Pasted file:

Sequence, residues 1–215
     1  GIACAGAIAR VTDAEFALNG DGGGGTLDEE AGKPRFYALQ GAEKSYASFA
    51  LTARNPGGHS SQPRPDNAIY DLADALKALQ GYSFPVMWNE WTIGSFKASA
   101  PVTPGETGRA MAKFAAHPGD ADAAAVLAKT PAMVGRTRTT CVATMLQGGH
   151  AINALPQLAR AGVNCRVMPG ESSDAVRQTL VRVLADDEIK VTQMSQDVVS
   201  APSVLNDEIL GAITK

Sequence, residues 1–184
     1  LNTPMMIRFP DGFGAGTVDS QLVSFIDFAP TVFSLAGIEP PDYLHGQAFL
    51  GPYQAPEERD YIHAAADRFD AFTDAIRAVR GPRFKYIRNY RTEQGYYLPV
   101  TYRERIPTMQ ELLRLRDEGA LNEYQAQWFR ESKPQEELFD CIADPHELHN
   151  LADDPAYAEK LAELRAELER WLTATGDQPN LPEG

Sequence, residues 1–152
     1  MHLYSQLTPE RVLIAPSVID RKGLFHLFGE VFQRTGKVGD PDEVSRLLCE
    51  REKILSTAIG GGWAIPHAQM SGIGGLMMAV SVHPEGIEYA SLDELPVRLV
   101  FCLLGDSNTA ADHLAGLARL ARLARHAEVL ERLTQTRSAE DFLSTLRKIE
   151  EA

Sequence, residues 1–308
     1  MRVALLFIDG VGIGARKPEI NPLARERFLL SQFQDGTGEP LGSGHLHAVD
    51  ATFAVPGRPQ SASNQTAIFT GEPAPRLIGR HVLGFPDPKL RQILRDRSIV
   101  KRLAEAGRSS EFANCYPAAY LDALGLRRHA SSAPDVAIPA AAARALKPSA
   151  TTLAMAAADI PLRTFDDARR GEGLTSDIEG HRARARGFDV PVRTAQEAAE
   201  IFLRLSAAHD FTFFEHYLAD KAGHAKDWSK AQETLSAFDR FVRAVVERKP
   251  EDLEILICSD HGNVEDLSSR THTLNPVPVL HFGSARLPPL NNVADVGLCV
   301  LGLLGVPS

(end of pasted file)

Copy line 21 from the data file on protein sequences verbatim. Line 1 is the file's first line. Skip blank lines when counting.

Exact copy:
   151  TTLAMAAADI PLRTFDDARR GEGLTSDIEG HRARARGFDV PVRTAQEAAE